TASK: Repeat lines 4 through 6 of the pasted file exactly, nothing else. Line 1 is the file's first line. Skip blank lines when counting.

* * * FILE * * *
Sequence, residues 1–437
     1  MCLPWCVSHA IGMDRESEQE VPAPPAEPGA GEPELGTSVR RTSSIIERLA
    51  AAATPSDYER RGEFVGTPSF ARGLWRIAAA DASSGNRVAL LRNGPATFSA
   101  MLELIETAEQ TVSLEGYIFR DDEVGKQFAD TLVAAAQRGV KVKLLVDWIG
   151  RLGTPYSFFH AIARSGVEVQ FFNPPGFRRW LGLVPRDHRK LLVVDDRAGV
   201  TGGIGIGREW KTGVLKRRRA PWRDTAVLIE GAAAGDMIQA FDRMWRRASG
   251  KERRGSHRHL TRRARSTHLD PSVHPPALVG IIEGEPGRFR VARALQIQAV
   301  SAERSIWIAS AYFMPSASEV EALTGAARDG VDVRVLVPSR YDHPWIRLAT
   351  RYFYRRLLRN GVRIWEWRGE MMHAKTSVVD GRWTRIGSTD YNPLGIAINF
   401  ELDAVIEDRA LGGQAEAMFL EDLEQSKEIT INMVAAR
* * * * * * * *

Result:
   101  MLELIETAEQ TVSLEGYIFR DDEVGKQFAD TLVAAAQRGV KVKLLVDWIG
   151  RLGTPYSFFH AIARSGVEVQ FFNPPGFRRW LGLVPRDHRK LLVVDDRAGV
   201  TGGIGIGREW KTGVLKRRRA PWRDTAVLIE GAAAGDMIQA FDRMWRRASG